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Travel Advisory

Clothing

Travel light is the best advice. You can travel casually with lightweight cotton shirt and shorts, if possible short-sleeve and sweat absorbed fabric. Bring along a light jacket or sweater and waterproofing raincoat too if you plan to go for trekking or mountain climbing. Hat and sunglasses are necessary especially when you head to islands and beaches. Do not forget always have a bottle of water with you to cure the thirst.

If you are to attend any formal occasion that requires a formal dress code but do not have any proper formal costume with you, perhaps a batik shirt or skirt is the most convenience and best choice.

 

Dos and Doníts

Generally there are no written rules and regulations for the social conduct in Malaysia but visitors are to advised to do as the Romans do as to ensure you are widely welcome and do not offence the local costume. Here is a list of Dos and Doníts for your references:

 

Dos

Do take off your shoes when entering a religion site or Malaysian house.

Do bend your back a little when passing by official, elderly or dignitary.

Do greet before entering a house.

Do drink a lot of fluid as to avoid dehydration.

Do wait until your are invited during a eating gathering especially when there are senior persons presence.

Do learn some basic Malay language. It helps a lot when communicating with the locals.

Do ask for permission when taking photos of others.

Do received and give anything with right hand while the left hand is holding the right wrist area.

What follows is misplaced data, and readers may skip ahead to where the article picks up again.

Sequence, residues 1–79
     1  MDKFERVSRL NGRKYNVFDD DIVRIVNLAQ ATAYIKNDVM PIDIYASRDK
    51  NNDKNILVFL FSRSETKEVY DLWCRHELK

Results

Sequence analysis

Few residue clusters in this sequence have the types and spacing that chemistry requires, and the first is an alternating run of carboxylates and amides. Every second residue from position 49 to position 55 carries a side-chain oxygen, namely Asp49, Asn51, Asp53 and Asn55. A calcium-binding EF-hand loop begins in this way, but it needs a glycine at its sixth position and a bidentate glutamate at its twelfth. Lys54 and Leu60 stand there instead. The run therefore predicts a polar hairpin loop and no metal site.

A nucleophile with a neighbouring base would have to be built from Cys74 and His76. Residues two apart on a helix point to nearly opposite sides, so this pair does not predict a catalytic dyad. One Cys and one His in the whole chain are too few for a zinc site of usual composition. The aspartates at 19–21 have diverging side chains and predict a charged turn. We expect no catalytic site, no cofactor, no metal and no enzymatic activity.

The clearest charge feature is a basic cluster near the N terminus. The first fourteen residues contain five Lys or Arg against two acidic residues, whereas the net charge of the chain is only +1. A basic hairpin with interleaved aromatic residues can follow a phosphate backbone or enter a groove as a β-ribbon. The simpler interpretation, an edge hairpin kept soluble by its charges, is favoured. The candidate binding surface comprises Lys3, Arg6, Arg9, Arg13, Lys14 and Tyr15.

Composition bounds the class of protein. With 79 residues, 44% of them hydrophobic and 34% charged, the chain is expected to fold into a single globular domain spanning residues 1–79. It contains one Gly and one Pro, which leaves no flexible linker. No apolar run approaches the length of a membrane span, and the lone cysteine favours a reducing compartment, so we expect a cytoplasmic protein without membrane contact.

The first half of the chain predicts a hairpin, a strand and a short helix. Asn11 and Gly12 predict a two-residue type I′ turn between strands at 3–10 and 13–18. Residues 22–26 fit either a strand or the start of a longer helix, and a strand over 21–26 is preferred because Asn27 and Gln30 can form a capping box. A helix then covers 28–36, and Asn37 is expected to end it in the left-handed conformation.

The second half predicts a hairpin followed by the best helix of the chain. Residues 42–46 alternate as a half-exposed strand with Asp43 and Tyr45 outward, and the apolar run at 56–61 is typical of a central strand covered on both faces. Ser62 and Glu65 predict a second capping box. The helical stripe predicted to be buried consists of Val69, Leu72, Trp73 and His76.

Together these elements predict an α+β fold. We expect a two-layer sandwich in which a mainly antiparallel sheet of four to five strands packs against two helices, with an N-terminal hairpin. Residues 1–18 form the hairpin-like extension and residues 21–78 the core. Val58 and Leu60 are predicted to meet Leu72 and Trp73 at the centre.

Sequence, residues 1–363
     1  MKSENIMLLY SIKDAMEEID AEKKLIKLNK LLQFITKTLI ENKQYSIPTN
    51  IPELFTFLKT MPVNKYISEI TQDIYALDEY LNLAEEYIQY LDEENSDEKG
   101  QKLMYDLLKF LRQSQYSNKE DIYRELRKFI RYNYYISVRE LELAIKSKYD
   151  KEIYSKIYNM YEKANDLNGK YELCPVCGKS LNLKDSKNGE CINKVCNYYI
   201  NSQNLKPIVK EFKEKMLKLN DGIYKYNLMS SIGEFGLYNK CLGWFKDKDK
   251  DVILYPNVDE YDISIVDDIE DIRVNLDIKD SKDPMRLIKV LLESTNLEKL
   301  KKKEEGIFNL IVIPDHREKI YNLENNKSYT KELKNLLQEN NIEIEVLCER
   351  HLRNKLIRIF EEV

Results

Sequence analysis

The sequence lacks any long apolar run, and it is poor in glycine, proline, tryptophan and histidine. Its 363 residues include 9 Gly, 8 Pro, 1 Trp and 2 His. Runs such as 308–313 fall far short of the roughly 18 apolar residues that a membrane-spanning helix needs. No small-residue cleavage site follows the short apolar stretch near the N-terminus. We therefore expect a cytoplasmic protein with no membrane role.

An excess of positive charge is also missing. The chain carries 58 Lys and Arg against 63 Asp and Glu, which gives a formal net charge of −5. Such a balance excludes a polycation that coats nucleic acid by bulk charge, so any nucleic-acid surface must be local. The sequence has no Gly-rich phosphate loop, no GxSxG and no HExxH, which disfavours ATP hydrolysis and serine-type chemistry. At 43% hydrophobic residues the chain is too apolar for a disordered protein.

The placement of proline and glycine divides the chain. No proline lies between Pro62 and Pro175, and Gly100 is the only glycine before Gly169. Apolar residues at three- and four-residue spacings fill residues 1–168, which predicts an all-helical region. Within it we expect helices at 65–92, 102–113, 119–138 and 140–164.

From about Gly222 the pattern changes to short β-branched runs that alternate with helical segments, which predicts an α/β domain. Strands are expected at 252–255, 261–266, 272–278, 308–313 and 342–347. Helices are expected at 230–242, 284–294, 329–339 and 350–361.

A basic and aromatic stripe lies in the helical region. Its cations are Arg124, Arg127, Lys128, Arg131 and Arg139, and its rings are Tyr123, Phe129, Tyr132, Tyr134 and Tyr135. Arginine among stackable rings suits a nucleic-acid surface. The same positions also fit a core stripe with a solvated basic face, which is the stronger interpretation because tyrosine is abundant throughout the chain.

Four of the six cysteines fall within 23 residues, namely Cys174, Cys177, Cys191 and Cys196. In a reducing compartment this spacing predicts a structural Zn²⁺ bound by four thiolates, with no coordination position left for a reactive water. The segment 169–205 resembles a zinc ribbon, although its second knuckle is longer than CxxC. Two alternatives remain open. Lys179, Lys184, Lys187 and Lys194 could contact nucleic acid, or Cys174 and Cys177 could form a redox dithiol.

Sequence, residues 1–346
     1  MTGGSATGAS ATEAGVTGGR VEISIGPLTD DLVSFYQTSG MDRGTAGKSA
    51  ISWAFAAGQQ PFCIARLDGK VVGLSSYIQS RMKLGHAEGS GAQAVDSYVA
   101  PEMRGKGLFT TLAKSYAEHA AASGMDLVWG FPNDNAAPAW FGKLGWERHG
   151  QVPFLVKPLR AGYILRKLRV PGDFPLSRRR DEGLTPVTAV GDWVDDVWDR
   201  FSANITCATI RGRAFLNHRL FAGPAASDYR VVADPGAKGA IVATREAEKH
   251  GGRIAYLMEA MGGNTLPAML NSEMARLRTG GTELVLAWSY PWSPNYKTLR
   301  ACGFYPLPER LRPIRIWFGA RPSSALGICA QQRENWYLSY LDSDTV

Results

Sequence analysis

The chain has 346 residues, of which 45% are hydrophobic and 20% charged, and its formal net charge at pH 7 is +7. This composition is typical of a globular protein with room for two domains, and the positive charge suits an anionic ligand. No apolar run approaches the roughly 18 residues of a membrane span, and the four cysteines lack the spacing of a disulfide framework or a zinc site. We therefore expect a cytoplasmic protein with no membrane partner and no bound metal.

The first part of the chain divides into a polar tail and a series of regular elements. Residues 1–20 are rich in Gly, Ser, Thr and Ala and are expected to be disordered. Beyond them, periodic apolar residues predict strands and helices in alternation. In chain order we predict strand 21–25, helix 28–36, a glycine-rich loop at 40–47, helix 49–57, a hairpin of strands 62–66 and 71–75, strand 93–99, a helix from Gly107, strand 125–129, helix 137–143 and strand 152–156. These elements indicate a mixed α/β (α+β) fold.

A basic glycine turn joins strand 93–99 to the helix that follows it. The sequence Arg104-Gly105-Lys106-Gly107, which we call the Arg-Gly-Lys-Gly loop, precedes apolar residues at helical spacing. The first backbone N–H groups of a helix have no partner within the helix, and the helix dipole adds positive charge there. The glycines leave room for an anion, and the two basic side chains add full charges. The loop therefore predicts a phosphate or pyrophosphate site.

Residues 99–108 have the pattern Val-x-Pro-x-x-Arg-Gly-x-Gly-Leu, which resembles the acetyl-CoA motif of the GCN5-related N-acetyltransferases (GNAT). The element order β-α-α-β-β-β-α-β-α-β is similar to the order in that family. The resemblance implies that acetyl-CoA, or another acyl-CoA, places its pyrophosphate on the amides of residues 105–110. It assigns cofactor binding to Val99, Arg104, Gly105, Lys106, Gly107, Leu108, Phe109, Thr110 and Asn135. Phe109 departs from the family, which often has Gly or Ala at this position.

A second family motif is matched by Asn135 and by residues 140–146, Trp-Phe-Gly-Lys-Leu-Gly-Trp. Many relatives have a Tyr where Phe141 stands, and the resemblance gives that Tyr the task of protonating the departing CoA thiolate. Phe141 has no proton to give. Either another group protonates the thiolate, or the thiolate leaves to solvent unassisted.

Doníts

Donít neck or kiss in the public. Shaking hand is acceptable but avoid kissing the hand or cheek. The Muslim ladies normally nod their head and smile as a note of welcome, unless they offer their hand otherwise.

Donít go nude or topless at the beach or anytime. It is also considered impolite to wear shorts to places of worship such as temple and mosque.

Donít pass in front of anyone offering prayer.

Donít use your left hand to give or receive thing instead use your right hand.

Donít use the forefinger to point at place, objects or person, it is considered as insulting and impolite. Use right thumb resting on a clenched fist or beckon your whole hand instead.

Donít touch the arms of waitresses or salesmen to catch their attention. Touching between strangers of opposite sex is frowned upon.

Donít touch oneís head without prior permission.

Donít show the sole of your foot especially in front of elderly or official.

Donít cross the chopsticks or stick them vertically into the rice bowl when eating in a Chinese way.

Donít gesture your chopsticks.

Donít ask or offer pork to Muslim and beef to Hindus.

Donít ask silly questions while in the jungle, for example Ďwhere are the tigersí, Ďis there any ghost or spirit in this jungle? It is prohibited and is a tribal belief for the Malaysian that one should pay their higher respect to the Divine creatures in the jungle when enter into their territories.

Donít simply pluck or touch or bring home any marine fishes and corals when diving or snorkeling. Keep them for others.

Donít smoke in some public places such as buses, taxis, lifts, cinemas, shopping malls, banks and air-conditioned restaurant.

 

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